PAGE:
Red Rili Shrimp - Care Guide

Neocaridina davidi Red Rili shrimp

Water parameters

6.5 - 8.0
4 - 10
1 - 8
100 - 180
15 - 30 °C
59 - 86 °F
5.5 8.5
4 15
0 15
80 300
15 30


Difficulty level

1 - 2 years


Adult size
30 mm / 1.2 inches

Red Rili shrimp are very similar looking to their Red Cherry cousin but have a transparent band around the middle of their bodies. They’re essentially the same shrimp in all other aspects, really a Rili is more of a grade of Cherry shrimp than a separate morph.

Just as with Red Cherries, they belong to the Neocaridina species which is sometimes known as hard water shrimp as they can tolerate relatively high GH and KH levels.

A fully grown adult will also get to around 3 cm (1.2 inches) in size.


The grading of Red Rili shrimp is pretty similar to that of the Red Cherry.

A higher grade shrimp will have a deep red colour head and tail, with solid coloured legs too. The transparent section should be right in the middle of their bodies and be the only parts of their body that have any hint of translucency - the red parts should be almost totally opaque. The transparent middle should also start and stop with a clean line, not with a fuzzy transition into the red shell.

Lower grades will likely be fairly spotty in colour, have a weaker red or have a small transparent section on their body. The transparent area could also be too large, such as if only the very end of the tail is red, and the rest of the shrimp being almost completely see through.

Female shrimp will typically have the strongest colours and be larger in size, so if you’re trying to move any lower grades into a separate tank for example, double check you’re not only keeping the females.


The Red Rili is quite simple to look after, they’re quite a hardy species. They can usually be expected to live for between 1-2 years in a healthy tank. Their hardiness helps them to grow in a wide variety of water types and conditions. To reduce the odds of unsuccessful molts, aim to keep the KH between 1 and 8, as well as the GH between 4 and 10.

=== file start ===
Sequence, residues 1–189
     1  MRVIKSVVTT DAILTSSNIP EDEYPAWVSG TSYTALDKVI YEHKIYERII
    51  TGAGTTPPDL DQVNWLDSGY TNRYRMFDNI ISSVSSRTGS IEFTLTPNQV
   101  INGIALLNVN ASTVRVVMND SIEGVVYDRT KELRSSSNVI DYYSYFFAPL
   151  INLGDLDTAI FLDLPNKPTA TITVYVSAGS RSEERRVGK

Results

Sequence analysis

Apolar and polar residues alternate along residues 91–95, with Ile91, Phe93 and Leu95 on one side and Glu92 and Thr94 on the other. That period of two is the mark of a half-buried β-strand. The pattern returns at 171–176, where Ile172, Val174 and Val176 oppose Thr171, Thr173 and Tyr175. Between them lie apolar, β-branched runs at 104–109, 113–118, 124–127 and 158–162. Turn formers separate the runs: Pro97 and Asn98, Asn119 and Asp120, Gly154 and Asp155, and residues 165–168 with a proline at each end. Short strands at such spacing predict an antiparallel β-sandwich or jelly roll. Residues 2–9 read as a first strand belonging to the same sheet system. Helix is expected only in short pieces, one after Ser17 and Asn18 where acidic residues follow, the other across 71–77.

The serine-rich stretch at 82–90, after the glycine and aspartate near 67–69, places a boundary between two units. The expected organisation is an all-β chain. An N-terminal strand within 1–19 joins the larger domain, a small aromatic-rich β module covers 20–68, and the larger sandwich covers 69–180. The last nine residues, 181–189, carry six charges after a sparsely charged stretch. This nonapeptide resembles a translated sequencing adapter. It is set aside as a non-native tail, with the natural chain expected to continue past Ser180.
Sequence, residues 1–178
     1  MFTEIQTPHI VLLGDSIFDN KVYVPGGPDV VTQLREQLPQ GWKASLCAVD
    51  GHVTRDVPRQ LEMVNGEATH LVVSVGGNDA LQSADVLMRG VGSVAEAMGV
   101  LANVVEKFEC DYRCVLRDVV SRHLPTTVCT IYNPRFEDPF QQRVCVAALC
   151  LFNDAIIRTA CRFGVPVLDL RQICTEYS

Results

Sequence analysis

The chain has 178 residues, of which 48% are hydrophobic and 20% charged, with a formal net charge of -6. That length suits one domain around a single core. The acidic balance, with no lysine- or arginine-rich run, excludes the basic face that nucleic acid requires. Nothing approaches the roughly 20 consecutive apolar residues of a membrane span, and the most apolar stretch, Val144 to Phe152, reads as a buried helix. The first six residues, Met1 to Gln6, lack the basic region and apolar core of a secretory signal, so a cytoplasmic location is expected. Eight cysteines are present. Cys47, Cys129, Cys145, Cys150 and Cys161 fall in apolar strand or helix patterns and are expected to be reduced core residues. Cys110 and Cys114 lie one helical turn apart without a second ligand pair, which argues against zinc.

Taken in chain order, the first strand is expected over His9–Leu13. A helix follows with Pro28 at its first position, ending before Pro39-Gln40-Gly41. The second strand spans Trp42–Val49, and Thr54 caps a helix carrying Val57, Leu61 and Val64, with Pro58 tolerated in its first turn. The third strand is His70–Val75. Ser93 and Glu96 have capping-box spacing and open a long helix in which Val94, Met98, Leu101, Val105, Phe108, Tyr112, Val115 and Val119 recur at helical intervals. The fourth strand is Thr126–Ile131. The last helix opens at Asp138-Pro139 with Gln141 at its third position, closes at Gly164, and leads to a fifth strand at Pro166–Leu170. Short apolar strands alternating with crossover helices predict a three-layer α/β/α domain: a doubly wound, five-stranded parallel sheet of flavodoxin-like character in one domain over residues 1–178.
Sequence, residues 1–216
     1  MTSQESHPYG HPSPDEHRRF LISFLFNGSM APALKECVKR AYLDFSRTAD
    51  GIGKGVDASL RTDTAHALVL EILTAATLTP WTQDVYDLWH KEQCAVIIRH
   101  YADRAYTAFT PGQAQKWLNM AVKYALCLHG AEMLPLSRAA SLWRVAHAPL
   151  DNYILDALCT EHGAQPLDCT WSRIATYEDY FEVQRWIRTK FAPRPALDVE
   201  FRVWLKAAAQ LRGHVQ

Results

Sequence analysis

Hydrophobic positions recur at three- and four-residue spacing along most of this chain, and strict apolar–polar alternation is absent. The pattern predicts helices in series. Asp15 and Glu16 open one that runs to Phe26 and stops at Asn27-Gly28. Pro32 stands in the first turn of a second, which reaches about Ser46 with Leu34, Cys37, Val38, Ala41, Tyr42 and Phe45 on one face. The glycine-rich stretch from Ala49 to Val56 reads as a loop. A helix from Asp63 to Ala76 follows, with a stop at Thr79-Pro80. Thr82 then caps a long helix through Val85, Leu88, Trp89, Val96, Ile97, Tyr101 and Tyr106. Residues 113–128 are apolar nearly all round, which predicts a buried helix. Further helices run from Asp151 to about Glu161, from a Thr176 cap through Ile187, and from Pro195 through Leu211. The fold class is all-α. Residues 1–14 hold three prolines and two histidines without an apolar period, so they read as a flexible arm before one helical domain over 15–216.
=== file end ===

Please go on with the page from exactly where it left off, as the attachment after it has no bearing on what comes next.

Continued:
Freshwater dwarf shrimp should be kept in a minimum tank size of 5 gallons (19 liters), however larger tanks of 10 gallons (38 liters) are preferred as it’s easier to control the water parameters with more water.

Unless you live in a very cold climate, Red Rilis don’t require a heater. They should be fine as long as your room stays within the 15-30 °C (59-86 °F) range all year round.


Generally, all freshwater dwarf shrimp will eat the same types of foods. They’ll spend most of their time scouring the aquarium for biofilm and algae, which will grow on basically all surfaces. If your tank is established and filled with plants, they should have enough natural food to eat.

You can feed your shrimp common foods like algae wafers, bee pollen, shrimp pellets, blanched vegetables, etc. if you’re not sure there’s enough biofilm in the tank.

Offering your shrimp a healthy balanced diet ensures that they get all of the nutrients they require to develop properly and safely molt.

Tank mates

Almost any snail, such as Ramshorn or Nerite snails, may live in the same tank as a group of Red Rili shrimp. Snails also share the shrimp’s desire for harder water, so they can readily obtain all of the minerals they require to produce a strong, healthy shell.

Amano shrimp are frequently chosen as tank mates for Red Rili shrimp. The Amano can grow to be a fair bit larger, and with the different colours and patterns, they stand out from other Neocaridina in the tank. There’s also no risk of interbreeding as they’re a different species that also require brackish water for their young.

Smaller fish, such as Neon Tetras, can occasionally be kept in a shrimp tank. However, there is a chance that the fish would mistake your shrimp for food, so if you want to attempt this, make sure your Red Rilis have lots of hiding spots. As young shrimp are far more likely to be eaten, it’s obviously best not to have any fish sharing their tank if you’re trying to grow the population.

Introducing different colour morphs of the Neocaridina species could cause “wild type” offspring, which are usually mostly translucent with brown spots/stripes. To keep your shrimp colours solid and consistent, you should aim to keep only one colour together at a time.

Try the Shrimp Suggester

Find the ideal water parameters and compatible tank mates for Red Rili shrimp.


Unlike Caridina shrimp, when different colour Neocaridinas breed together the result is normally a lower-grade copy of one of the parents. The babies could go straight to a very low-grade Red Rili/cherry, or a “wild type” which is mostly translucent with brown spots and stripes.

By consistently culling (i.e. moving to a separate tank) the lower grade Red Rilis, you can gradually improve the grade in your shrimp tank. You’ll need to be patient when trying to improve your grading as there are no guarantees with nature and you could have a mix of grades for quite a while. Distinctive features like the Rili’s transparent band around the body are likely to be passed on to new generations, but even that’s not a certainty.

However, there are a few shrimp breeding tips you can read to try and improve your chances and hopefully speed this “upgrading” process up.